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Today, most of our printed circuit boards have at least a few DC-DC converters, and some boards have many. We have a large choice when it comes to deciding what to use: we can design and build our own converter from discrete parts (called voltage regulator down or VRD) or we can buy one of the off-the-shelf open-frame or fully encapsulated voltage regulator modules (VRM).
For low currents we can use linear regulators; for medium and high current we are better off using a switching-mode topology. Whatever circuit suits best our needs, chances are that we want to keep the output voltage regulated against changes in input voltage and load current, which in turn calls for one or more internal control loops.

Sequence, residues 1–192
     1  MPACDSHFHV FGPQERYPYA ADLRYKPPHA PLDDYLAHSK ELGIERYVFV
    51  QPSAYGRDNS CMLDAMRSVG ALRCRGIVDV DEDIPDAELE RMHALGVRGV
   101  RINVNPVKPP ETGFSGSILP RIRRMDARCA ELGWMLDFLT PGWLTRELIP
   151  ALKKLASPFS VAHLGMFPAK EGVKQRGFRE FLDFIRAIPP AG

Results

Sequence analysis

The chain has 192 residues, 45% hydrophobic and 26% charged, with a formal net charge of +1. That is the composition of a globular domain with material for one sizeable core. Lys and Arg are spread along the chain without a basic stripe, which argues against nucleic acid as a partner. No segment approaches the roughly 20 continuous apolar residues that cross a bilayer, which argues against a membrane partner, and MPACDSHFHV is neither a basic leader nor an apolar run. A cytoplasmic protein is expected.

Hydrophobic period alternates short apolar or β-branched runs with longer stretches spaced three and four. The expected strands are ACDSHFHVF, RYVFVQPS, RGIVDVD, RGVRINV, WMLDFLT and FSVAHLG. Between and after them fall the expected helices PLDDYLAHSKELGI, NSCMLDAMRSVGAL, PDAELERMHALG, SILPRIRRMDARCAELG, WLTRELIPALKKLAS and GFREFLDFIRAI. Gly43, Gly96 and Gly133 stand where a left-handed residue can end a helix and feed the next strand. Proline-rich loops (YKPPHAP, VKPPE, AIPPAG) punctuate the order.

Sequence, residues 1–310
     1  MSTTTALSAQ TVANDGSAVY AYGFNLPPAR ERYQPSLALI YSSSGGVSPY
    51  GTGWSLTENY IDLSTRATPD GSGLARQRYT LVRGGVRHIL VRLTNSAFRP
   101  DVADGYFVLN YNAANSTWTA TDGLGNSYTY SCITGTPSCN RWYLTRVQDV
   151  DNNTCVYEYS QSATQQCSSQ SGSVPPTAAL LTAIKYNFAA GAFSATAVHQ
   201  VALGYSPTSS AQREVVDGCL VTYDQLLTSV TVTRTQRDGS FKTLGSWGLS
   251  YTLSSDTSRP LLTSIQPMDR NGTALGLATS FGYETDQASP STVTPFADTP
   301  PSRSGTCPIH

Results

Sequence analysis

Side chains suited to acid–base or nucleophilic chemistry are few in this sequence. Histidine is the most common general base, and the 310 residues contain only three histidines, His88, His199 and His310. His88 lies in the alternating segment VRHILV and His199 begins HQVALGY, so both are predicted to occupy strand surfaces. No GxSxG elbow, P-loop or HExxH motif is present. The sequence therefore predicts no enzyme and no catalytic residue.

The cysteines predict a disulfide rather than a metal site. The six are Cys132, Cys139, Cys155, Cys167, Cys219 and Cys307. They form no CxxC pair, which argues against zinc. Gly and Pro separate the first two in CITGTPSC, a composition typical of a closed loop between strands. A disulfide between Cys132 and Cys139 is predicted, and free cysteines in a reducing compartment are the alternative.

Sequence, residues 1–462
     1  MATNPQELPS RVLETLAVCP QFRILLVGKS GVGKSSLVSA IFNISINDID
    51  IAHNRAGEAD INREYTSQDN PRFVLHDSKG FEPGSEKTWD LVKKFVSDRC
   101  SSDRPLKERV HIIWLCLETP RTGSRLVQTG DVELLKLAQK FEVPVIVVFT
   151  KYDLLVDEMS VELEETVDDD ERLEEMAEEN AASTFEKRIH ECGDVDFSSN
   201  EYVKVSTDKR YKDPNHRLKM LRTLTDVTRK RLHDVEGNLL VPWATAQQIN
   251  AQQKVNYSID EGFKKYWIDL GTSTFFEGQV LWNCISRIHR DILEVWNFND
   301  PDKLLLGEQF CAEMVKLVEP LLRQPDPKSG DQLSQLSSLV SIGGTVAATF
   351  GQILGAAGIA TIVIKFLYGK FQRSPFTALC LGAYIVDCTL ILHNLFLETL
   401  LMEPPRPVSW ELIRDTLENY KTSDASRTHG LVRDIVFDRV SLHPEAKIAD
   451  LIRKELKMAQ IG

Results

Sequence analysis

There is a well-established theory to design stable control loops, but in the case of power converters, we face a significant challenge: each application may require a different set of output capacitors coming with our loads. Since the regulation feedback loop goes through our bypass capacitors (shown as a single Cout in Fig. 1), our application-dependent set of capacitors now become part of the control feedback loop. Unfortunately, certain combination of output capacitors may cause the converter to become unstable, something we want to avoid. This raises the need to test, measure and/or simulate the control-loop stability.
To read this column, which appeared in the June 2015 issue of The PCB Design Magazine, click here.